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At first, I was invited to play at church events and for groups like the Lions Club and the Rotary Club. I could play about a half-hour of pieces ranging from classical excerpts to popular songs with a piano accompanist hired by my parents. It was a chore for my dad to load up a marimba and vibraphone and drive to nearby towns for these appearances, but he never complained. Word began to spread, and soon, I was playing up to a hundred dates a year. (I have more or less continued working at this same pace through most of my career. The music changed, but the schedule remained.) We made a trip to the Indiana State Fair when I was ten. My performance (once again, “Twelfth Street Rag”) was part of a daylong variety show featuring mostly Indiana entertainers but headlined by the marvelous singer Nat King Cole. I remember sitting in the cavernous locker room underneath the arena while my father talked with Mr. Cole about my playing; he was very gracious and encouraging, and it meant a lot to my father. Cole would later become one of my idols. I credit many hours of listening to his records as an important influence, particularly with regards to his melodic phrasing. Before long, we brought my sister Ann onboard to replace the hired piano accompanist. Ann was comfortable playing the classical pieces that had written parts. But I also needed someone to accompany me on the standards—someone who could “comp,” in jazz lingo, without having all the notes written out beforehand. I had managed to gradually teach myself to play piano, because the keyboard is laid out similarly to the vibes. Since my father was chauffering me around anyway, the obvious solution was to teach him enough piano to accompany me. (He proved to be a willing student.) This freed my sister to play a couple of tunes on the trombone, her instrument in the high school band. The “Burton Family” band was starting to take shape. Next, I decided that my brother should join in. 9

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Phil was a year younger than me and had begun playing bass and also clarinet. We tried a duet performance, me on piano and Phil on bass, at a Cub Scout talent night where we sang and played “Down Yonder,” a song from the ’20s made famous by Al Jolson. We were a hit, and the family troupe had added another member. Up until I was fourteen, “The Burton Family” performed nearly every weekend; in a typical December, we worked practically every night playing Christmas parties. We traveled mostly in Indiana, Illinois, and Kentucky, but got as far north as Chicago, and once played a week in Miami. My father maintained his day job as a consulting engineer, but my parents devoted their spare time to driving us all over the place to perform. Over the years we added comedy, more instruments—I taught myself trumpet and drums—and even tap dancing; I took tap lessons for several years and got pretty good at it. In our show, I did a few dance numbers, including one where I simultaneously tap-danced while playing “Bye Bye Blues” on the marimba. Once, during a power failure at the house, just for the fun of it, I stumbled over to the marimba to see if I could play in the dark. I discovered that one of the new pieces I was working on—the Rimsky-Korsakov novelty piece “Flight of the Bumblebee”—was actually easy to play without looking, because it was mostly chromatic with only a few leaps around the keyboard. Naturally, that became a part of the show. Mom made me a blindfold, and I played the piece night after night without missing a note. We also had several black-light numbers featuring glow-in-the-dark mallets and costumes. Anytime we saw something on television that we could use, we would add it to the act. We did seasonal medleys for Christmas, Halloween, Fourth of July, etc. Mom made the costumes, and Dad kept fitting out ever-larger trailers to haul all this stuff around.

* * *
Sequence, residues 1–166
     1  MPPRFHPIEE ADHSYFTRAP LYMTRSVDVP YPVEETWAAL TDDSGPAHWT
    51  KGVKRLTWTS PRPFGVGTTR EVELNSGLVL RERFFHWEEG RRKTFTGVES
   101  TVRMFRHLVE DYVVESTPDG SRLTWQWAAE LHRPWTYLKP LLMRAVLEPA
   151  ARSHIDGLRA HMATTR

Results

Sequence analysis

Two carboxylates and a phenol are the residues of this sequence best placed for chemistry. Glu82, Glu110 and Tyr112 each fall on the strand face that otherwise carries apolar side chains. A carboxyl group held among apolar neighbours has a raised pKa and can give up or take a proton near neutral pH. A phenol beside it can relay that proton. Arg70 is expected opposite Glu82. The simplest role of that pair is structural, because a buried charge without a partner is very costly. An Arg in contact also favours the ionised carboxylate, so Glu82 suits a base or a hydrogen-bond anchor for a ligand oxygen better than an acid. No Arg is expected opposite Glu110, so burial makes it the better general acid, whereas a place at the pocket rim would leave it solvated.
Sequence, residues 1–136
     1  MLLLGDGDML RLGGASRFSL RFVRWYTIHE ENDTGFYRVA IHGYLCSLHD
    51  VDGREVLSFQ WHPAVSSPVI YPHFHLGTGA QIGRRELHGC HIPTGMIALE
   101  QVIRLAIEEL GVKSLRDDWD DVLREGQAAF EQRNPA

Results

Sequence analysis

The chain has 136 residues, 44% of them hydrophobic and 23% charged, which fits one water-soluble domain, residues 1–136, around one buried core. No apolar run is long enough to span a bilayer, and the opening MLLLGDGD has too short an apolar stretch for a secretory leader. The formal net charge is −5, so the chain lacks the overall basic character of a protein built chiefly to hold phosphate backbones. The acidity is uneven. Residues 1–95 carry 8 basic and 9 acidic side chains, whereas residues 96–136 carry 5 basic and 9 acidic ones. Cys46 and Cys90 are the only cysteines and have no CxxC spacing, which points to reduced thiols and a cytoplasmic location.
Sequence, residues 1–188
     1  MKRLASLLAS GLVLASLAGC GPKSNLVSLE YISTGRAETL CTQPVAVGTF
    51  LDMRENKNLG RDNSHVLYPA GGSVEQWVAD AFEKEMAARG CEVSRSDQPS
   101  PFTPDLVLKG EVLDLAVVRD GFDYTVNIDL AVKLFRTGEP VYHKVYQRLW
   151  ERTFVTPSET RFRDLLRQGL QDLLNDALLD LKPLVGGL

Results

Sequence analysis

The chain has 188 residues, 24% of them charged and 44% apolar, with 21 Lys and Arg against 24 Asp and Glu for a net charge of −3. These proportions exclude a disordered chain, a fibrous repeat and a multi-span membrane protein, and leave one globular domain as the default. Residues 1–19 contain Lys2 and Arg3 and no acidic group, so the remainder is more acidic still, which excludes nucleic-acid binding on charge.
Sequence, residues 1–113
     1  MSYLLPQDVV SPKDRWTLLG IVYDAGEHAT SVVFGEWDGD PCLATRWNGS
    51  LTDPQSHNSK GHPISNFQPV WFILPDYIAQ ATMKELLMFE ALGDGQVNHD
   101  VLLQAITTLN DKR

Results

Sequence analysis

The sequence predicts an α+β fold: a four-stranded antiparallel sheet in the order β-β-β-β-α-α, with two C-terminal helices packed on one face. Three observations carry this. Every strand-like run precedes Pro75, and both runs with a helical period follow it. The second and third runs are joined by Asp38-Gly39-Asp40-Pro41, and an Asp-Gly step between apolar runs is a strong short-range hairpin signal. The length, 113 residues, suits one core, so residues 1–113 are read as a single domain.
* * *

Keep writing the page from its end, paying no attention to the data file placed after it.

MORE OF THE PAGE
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We were among the folks helping keep vaudeville alive—or at least on life support—in the form of rural talent shows and novelty acts. During those years, we played with all kinds of entertainers. Some of them were aging show-business veterans still doing well-worn acts, and some were kids like us. Among the regulars were a sword swallower, a roller-skating act, a guy who rattled bones and spoons, an old fellow who chewed up broken glass and razor blades, and quite a few barbershop quartets. We got acquainted with several other families with show-business kids, too, mostly dancers and singers but even some acrobats. The Burton Family band came to an end when I discovered jazz. It was destined to end anyway, because my sister had by then entered high school, and her interests had turned to other things: mainly, angora sweaters and boys. Still, the family band provided us a wonderful experience. We had traveled a lot and had become extremely close and supportive. I learned the essentials of how to write and arrange music and how to rehearse a group. And what I learned about how to communicate with audiences was just as valuable as anything I learned about music. In spite of the enthusiasm from my parents and all the performing we did as a family, they were hardly the stereotypical “stage parents.” It was never their intention that any of their children would go into a career in music. They thought the life of a musician was a poor one with little prospect for a happy and successful life; in this respect, they were quite different from those parents who dreamed of stardom for their kids and relentlessly pushed them to practice and audition. For the Burtons, music was just family fun.